It kind of just hit me, like, hey, you have an opportunity to do something with your life. And I was wasting it just hanging out with friends, partying on the weekends. I wasn’t putting the time in.
And kind of committed to myself that if given the opportunity, given the opportunity again that I wouldn’t waste it. That week, I had one of the best weeks of my life and finished eighth, and that kind of rolled over into, you know, a couple more weeks, and finished out the season keeping my card. I thought, that was, to me, a very successful season.
That amounted to eighth place and $3,000:
That week? Eighth place, I think it was like $3,000. But to me — it was Canadian, too. But to me at that point, like $3,000, you might as well have just given me $1 million. I could play golf; I could keep playing golf.
And then I remember exactly a year later, I was at that same golf tournament, and I had like $2,000 at this point and I thought I was a millionaire still. I was like, dinner’s on me, guys. Got $1,000 in my bank account. Don’t worry about it. And had good memories going into that golf tournament and kind of, you know, seeing exactly a year ago where I was and how much work I put into it and to be able to still play golf at that point. That was a big, big goal of mine to just keep playing golf at that point.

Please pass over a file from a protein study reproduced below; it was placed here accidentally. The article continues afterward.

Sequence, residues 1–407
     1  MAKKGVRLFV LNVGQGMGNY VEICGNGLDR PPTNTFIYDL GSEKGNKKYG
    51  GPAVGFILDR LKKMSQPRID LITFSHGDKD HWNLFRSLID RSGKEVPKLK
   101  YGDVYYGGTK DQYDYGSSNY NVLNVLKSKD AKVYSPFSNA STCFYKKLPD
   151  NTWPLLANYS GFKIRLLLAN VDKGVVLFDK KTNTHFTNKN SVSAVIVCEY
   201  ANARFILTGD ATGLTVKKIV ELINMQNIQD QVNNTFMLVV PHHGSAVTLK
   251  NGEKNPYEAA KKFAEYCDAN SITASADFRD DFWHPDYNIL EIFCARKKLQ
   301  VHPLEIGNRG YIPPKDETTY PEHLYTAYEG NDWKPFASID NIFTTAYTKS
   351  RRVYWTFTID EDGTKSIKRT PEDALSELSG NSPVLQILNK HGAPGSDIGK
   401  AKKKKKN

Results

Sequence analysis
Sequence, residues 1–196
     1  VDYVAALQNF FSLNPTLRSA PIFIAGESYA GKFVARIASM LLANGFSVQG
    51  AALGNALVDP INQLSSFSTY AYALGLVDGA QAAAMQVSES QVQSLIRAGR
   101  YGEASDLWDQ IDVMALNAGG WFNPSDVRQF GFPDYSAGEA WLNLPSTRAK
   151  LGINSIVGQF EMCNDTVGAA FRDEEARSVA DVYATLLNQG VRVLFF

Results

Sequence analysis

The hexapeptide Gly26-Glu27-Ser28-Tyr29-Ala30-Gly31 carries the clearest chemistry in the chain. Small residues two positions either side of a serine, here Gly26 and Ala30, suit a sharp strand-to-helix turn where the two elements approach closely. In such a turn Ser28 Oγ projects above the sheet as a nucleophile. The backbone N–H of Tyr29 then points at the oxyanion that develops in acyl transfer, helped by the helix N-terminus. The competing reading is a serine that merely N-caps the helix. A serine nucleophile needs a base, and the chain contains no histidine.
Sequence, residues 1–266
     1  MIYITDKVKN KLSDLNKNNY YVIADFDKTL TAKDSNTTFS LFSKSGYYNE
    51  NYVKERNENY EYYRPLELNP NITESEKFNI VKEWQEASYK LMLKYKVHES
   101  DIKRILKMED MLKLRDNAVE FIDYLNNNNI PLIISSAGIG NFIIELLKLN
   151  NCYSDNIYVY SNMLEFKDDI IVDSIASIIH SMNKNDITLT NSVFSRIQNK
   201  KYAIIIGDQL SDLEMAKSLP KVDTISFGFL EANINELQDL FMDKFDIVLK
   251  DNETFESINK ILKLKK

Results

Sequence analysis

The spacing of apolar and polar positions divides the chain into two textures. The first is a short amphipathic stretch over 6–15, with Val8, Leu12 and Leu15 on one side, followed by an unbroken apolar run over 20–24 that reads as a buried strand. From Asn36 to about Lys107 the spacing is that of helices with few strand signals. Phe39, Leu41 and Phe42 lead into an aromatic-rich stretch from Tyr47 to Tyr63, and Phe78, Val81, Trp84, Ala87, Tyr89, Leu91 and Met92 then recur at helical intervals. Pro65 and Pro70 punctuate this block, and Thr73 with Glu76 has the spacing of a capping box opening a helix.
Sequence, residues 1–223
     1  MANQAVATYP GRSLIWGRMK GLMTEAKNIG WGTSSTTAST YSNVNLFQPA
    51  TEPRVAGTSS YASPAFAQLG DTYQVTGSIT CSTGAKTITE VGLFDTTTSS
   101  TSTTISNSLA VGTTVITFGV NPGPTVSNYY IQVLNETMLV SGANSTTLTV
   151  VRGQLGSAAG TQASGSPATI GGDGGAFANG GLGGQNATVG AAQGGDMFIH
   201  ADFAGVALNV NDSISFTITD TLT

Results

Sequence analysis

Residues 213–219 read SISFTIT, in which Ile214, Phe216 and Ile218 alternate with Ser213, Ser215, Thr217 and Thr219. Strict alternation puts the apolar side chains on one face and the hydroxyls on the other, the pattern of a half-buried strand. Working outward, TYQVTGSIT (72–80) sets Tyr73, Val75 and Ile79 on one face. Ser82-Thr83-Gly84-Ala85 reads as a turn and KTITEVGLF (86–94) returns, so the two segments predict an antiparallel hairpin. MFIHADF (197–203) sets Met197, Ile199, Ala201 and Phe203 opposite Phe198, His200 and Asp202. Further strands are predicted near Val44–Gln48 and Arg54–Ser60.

And I actually won that week in Edmonton. To me, I have kind of good vibes there, and that started off my career, really, because then I qualified for Q‑School, went through all three stages, got my Web.com Tour card, and then from there, it was just a matter of time.
And there was another edge he had on Sunday that doesn’t seem plausible until you listen to him tell the story:
I told my caddie before I teed off, I was like, I love the rain, absolutely love it. I feel like it’s — not to be spiritual about it, but I feel like it’s God’s way of just kind of washing the streets and making everything fresh again.
Because that’s what happens in the Bay Area when we get a lot of rain, the streets are clean, spotless. I absolutely love it. I remember days when I was living at home I would go to Metropolitan Golf Links and it would be raining every single day and I would be the only guy on the range. I would go home and look at myself in the mirror and say, you know what, you worked hard today, you deserve to go to sleep, you deserve all the good things that happen to you, because I think I put a lot of time into this.
When it was raining today, kind of brought me back to being very spiritual and just saying, I love this. It’s golf. It’s not a fair weather sport. We don’t play indoors. It was coming down sideways for a little bit. I was like, “God, that’s a little too much.”
But it stopped, and yeah, it turned out to be a beautiful day.
Not to mention $1.2 million worth of beautiful that will come in very handy in about three weeks time. Hahn is embarking on a four-week disappearing act to be with his wife when they have their first child in three weeks, a baby girl. Continuing to develop his sense of perspective, he’s more excited about that than the $1.2 million.